The pathogen Legionella pneumophila modulates the biochemistry of the cell it infects for its own benefit. The bacterium stops mitochondrial respiration, while maintaining the membrane potential of the mitochondria to delay the destruction of the cell.
L. pneumophila is a bacterial pathogen that causes a severe pneumonia called Legionellosis, which is often fatal when not treated promptly. In France, between 1200 and 2000 cases are identified each year, with mortality rates ranging from 5 to 15%. A recent study conducted by scientists at the Institut Pasteur and published in eLife shows that this bacterium can modulate the action of a cellular enzyme to its own advantage.
Legionella targets the mitochondria of its host cell.
L. pneumophila is an intracellular pathogen that has evolved unique strategies to proliferate intracellularly by subverting the defenses of the host cell. Importantly, L. pneumophila targets different host organelles, among those mitochondria. Mitochondria are well-defined cytoplasmic organelles that have many important functions. In particular, they supply the energy to the cell. Previously, researchers at the Institut Pasteur have shown that L. pneumophila modulates mitochondrial dynamics by inducing their fission. A consequence of this fragmentation of the mitochondrial network into several mitochondria is that it impairs mitochondrial respiration, a sequence of reactions that generate and use the mitochondrial membrane potential to synthesize ATP, a very important molecule driving the energy in the cell.
However, a question remained unanswered. Despite the bacterial-induced mitochondrial fission, host cell mitochondria maintain their normal membrane potential during infection. Since mitochondrial membrane potential is generated during respiration under normal conditions, but L. pneumophila stops mitochondrial respiration, how is it possible that mitochondria have normal membrane potential in the absence of respiration?
Maintaining the characteristics of mitochondria to preserve the bacterium’s replication niche
In this new study, researchers from the Biology of Intracellular Bacteria unit at the Institut Pasteur highlight that L. pneumophila infection modifies the activity of a mitochondrial enzyme, the FOF1-ATPase, to function in “reverse mode” instead of in “forward mode”. This thereby maintains the normal membrane potential in the absence of mitochondrial respiration. L. pneumophila is known for its ability to translocate cocktails of proteins that modulate numerous host defense pathways, into its eukaryotic host. This study shows that one of these bacterial proteins transferred into the host cell, LpSpl, participates in the process of changing the activity of the mitochondrial FOF1-ATPase.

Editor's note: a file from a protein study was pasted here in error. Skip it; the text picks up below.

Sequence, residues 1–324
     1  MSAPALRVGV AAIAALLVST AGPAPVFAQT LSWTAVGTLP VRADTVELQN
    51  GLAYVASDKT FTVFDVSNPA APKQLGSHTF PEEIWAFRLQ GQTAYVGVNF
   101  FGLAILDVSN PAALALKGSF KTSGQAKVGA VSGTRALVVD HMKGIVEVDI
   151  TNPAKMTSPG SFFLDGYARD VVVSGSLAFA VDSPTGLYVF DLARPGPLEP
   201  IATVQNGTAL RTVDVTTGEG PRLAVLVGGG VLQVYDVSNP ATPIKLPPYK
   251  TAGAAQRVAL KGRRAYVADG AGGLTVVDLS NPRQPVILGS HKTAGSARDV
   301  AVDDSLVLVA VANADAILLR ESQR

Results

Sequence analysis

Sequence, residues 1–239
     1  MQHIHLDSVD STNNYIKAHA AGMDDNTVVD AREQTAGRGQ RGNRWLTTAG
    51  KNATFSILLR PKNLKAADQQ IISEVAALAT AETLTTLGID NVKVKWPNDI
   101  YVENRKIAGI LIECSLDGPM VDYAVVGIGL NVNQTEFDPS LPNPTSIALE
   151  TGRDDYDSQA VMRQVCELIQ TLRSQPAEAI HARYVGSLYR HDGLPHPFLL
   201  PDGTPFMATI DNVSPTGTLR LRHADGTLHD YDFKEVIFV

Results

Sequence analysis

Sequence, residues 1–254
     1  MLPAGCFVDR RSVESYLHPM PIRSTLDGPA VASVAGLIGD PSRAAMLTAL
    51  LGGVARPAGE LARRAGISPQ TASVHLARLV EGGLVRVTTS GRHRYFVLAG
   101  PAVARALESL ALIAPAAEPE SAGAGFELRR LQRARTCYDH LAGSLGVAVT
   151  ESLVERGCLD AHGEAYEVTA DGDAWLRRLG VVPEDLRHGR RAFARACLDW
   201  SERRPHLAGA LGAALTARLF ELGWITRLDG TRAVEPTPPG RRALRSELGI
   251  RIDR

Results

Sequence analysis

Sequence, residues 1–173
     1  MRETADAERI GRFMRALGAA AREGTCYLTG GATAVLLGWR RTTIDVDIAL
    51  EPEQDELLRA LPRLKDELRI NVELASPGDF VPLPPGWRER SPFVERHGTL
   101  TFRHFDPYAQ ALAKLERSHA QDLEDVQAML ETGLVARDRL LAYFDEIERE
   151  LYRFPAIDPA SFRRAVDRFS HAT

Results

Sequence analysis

The bacterial induced change in the operating mode of this mitochondrial ATP synthase leads to delayed cell death. Indeed, a decrease in the membrane potential of the mitochondria is a trigger for cell death. Therefore, as L. pneumophila stops mitochondrial respiration in the cell, this mechanism maintains the potential and delays the onset of the host’s cell death. Ultimately, this supports bacterial replication by preserving its replication niche. This work sheds new light on how a pathogen modulates host organelles and the function of their enzymes during infection, ultimately allowing better replication in human cells and thus causing disease.
This study is part of the priority scientific area Emerging infectious diseases of the Institut Pasteur's strategic plan for 2019-2023.
Reverting the mode of action of the mitochondrial FOF1-ATPase by Legionella pneumophila preserves its replication niche, eLife, December 9, 2021
Pedro Escoll1,2, Lucien Platon1,2,3, Mariatou Dramé1,2,4, Tobias Sahr1,2, Silke Schmidt1,2,5, Christophe Rusniok1,2, Carmen Buchrieser1,2
1 - Institut Pasteur, Biologie des Bactéries Intracellulaires, Paris, France
2- Institut Pasteur, Biologie des Bactéries Intracellulaires and CNRS UMR 3525, Paris, France
3 - Faculté des Sciences, Université de Montpellier, Montpellier, France
4 - Faculté des Sciences, Université de Paris, Paris, France
5 - Sorbonne Université, Collège doctoral, Paris, France